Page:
Work with your doctor to find an exercise regimen that is safe and doable. For example, if you’re obese, you may need to start out with a simple walking program. Over time, you can adjust how much you walk by doing it more frequently or increasing the pace. Find physical activities you enjoy, whether it’s swimming or biking, so you’re more likely to keep up with a regular exercise routine. Having a workout partner to keep you accountable and make exercising more fun will help to keep you motivated as well.
Eat well: Food is fuel for the entire body, including your brain. Foods that are heavy in excess fat or empty carbohydrates, like white breads and pastries, can make you feel sluggish. Sugary foods will also spike your insulin levels and wreak havoc with your moods. Eliminate processed foods and sweets, and replace them with a balanced diet that includes plenty of fruits, vegetables, and lean protein, as well as proper portions of good fats, like those found in avocados, coconut, or olive oil. If necessary, consult a nutritionist to develop a healthy eating plan—not a temporary diet—that you can enjoy long term.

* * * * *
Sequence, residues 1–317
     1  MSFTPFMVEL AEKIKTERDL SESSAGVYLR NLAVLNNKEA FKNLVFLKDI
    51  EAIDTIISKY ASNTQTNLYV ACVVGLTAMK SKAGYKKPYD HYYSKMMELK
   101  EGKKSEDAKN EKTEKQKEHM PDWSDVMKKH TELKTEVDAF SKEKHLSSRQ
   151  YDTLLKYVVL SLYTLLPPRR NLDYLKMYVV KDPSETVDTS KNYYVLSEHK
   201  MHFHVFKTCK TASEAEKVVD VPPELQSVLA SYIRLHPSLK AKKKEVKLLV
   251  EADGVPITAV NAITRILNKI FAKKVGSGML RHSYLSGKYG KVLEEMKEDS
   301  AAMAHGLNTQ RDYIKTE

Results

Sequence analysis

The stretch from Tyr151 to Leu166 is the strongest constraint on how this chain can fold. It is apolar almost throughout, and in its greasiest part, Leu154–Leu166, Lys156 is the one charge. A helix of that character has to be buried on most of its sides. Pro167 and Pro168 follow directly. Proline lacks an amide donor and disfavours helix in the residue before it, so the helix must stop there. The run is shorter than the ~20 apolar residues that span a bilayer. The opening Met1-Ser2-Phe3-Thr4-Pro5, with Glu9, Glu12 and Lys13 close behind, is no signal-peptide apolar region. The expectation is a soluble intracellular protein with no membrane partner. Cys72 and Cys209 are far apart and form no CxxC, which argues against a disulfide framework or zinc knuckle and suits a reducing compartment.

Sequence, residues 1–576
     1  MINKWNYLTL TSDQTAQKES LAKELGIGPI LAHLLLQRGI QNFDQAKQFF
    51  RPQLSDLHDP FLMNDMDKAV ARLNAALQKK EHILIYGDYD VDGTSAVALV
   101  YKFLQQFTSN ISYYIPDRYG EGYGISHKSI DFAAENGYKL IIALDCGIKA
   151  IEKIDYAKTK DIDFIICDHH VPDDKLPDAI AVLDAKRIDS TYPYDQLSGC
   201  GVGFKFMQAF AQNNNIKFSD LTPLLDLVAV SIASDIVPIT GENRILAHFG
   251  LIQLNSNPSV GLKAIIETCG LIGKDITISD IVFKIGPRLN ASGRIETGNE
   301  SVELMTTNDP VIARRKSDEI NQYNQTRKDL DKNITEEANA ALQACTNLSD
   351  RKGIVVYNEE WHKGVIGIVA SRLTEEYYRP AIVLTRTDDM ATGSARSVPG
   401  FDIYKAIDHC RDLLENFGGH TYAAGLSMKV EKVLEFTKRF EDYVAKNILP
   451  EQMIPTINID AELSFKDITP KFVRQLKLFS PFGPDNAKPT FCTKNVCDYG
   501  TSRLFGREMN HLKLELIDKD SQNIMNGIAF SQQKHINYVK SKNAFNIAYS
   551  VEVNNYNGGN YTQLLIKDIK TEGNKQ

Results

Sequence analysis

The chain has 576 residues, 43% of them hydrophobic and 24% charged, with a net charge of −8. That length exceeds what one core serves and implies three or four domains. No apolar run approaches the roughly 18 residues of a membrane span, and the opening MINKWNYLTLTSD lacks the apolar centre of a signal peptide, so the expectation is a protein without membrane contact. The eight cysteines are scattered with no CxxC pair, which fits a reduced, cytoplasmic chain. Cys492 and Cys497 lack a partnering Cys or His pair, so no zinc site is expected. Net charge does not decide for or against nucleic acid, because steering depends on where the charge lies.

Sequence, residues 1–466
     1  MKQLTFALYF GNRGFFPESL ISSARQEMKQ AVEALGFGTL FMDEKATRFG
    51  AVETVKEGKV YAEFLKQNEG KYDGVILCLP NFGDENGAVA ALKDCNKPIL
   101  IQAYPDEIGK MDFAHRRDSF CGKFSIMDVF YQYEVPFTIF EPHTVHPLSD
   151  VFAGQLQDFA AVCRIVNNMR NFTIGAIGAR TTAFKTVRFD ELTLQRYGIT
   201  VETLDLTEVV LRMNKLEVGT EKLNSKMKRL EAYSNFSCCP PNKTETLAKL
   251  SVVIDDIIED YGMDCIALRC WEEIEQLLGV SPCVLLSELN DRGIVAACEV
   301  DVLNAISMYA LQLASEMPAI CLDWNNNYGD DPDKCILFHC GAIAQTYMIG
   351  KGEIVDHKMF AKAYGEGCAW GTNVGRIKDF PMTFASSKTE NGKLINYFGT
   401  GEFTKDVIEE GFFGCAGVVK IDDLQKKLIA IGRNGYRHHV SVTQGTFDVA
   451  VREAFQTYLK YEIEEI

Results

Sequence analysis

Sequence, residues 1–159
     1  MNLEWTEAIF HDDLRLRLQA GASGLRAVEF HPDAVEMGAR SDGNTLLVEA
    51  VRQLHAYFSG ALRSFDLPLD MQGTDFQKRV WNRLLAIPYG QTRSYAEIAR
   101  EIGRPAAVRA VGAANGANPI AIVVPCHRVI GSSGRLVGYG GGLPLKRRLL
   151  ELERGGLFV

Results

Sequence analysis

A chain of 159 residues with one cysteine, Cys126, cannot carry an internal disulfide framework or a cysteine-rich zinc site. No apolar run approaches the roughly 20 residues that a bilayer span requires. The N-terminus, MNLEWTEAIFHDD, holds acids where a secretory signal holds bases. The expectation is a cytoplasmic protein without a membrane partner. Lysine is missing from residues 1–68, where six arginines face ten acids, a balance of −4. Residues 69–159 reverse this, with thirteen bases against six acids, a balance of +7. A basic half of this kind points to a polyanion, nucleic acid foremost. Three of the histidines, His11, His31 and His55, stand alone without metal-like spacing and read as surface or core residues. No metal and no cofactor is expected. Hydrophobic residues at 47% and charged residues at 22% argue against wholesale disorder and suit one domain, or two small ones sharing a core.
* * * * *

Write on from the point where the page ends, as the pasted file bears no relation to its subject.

Manage your stress: Trying to cope with too much stress can trigger depression and overeating. Find ways to reduce your stress to manageable levels. For instance, seek couples therapy for a struggling relationship or cut back on volunteer responsibilities. Other common stress reduction techniques include deep breathing exercises, yoga and meditation. Regular exercise is also great for reducing stress.
Don’t allow depression, excess weight, or obesity to stop you from living a happy, full life. Consult a mental health professional about managing depression symptoms, and work with your doctor about safely losing unwanted pounds and managing your weight. You deserve to be both happy and healthy.